Some funds are formed with reference to specific benchmarks. Others, such as the Rathbone Global Opportunities Fund, contain only the manager's best ideas. In this case James Thomson readily shifts the portfolio in response to new opportunities, wherever they may arise. Specific sectors and countries may be heavily under-represented or non-existent if he can't find any attractive companies. We like this approach, but it does mean performance can vary significantly from other funds in the sector.
James Thomson looks for companies with scalable business models and repeatable revenues, but which are not presently on the radar of mainstream investors. He also aims to identify a catalyst, either specific to the company or relating to the wider economic environment, which will help drive the businesses' future growth.
Pharmaceutical companies now represent approximately 8% of the fund, despite the manager never holding a pharmaceutical company before 2014. This change is a response to exciting developments within the industry, particularly the advent of genome mapping. This allows drugs to be tailored to individual patients, potentially driving innovation and contributing to higher profit margins for their developers. Gilead Sciences is one such company. It has been added to the fund following the successful development of a Hepatitis C drug, 'Sovaldi', which sold strongly in the US last year and adds to Gilead Sciences' stable of pharmaceutical solutions.
Presently, over 60% of the fund is invested in US companies. There is currently no direct exposure to higher risk emerging markets, reflecting James Thomson's belief that the rebalancing of China's economy from being investment-driven to consumer-based will be a painful one. Japanese exposure is also absent from the fund, with the manager unconvinced of the likely success of Abenomics.
Between 2004 and 2007 the fund significantly outperformed the sector, but suffered during the global financial crisis in 2008. This was mainly the result of a bias to higher risk small and medium-sized companies and to those which are particularly economically sensitive.
Performance since James Thomson took over
Past performance is not a guide to future return. Source Lipper IM to 02/02/2015.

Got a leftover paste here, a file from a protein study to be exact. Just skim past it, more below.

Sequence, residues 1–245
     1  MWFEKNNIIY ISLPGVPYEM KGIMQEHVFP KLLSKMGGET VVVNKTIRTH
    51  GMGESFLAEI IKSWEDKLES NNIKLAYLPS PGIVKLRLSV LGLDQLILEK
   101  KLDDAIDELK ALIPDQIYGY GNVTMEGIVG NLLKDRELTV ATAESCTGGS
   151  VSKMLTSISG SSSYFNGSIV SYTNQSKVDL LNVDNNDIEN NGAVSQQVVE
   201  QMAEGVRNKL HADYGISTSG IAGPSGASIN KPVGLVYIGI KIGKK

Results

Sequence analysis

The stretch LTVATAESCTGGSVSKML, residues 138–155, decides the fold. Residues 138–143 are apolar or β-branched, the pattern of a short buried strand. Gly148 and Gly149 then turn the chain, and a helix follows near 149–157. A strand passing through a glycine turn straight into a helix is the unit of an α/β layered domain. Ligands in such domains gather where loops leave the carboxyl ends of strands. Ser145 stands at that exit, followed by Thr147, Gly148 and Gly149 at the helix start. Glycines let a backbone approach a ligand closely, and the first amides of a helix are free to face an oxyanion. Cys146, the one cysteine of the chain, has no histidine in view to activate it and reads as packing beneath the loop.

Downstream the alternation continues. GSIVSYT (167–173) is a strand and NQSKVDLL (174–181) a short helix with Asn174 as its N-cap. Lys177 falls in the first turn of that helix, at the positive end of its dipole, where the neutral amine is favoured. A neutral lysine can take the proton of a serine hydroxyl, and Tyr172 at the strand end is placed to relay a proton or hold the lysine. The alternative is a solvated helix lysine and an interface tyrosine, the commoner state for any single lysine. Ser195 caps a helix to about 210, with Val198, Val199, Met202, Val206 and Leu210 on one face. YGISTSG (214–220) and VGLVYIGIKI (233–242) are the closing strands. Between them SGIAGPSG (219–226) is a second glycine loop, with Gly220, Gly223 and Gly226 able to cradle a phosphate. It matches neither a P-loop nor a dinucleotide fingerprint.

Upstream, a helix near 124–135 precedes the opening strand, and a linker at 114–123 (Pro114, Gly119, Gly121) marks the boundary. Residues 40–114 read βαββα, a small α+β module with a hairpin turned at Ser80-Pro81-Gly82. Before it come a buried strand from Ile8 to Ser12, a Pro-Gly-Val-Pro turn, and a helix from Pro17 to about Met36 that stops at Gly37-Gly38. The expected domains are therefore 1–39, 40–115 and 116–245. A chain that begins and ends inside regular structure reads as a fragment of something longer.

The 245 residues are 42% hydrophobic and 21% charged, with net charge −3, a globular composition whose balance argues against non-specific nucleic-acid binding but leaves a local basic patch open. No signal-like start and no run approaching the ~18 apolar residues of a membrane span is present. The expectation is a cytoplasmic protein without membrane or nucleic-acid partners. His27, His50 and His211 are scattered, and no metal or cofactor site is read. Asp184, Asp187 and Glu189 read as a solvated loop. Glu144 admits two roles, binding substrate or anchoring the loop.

Since 2008, James Thomson has aimed to reduce volatility by 'weather-proofing' the portfolio. Typically, 20% of the fund is now invested in more defensive companies, and those he believes could be more resilient in the event of a downturn.
The volatility of the fund has been lower since 2008, though it should be noted the fund has yet to be tested by a severe market downturn.
|Annual percentage growth|
| Feb 10 -
| Feb 11 -
| Feb 12 -
| Feb 13 -
| Feb 14 -
|Rathbone Global Opportunities||26.61%||-0.07%||15.03%||14.53%||10.50%|
|MSCI AC World||19.31%||-1.45%||15.66%||6.66%||19.60%|
Past performance is not a guide to future returns.
Our view on this fund
Since James Thomson took over this fund in July 2005, he has consistently delivered above average returns for investors, although please note past performance is not a guide to future returns. Our analysis suggests good stock selection has been the primary driver of performance. The concentrated nature of the portfolio means each of the manager's investment choices has greater impact; however, it is higher risk.
We believe the manager's method offers investors a different approach with the potential to deliver returns divergent to the market and to other managers in the sector. This is one of our favoured funds for exposure to global equities and we are confident James Thomson has the ability to deliver over the long-term. We remain happy with this fund and it continues to feature on the Wealth 150 list of our favourite funds across the major sectors.
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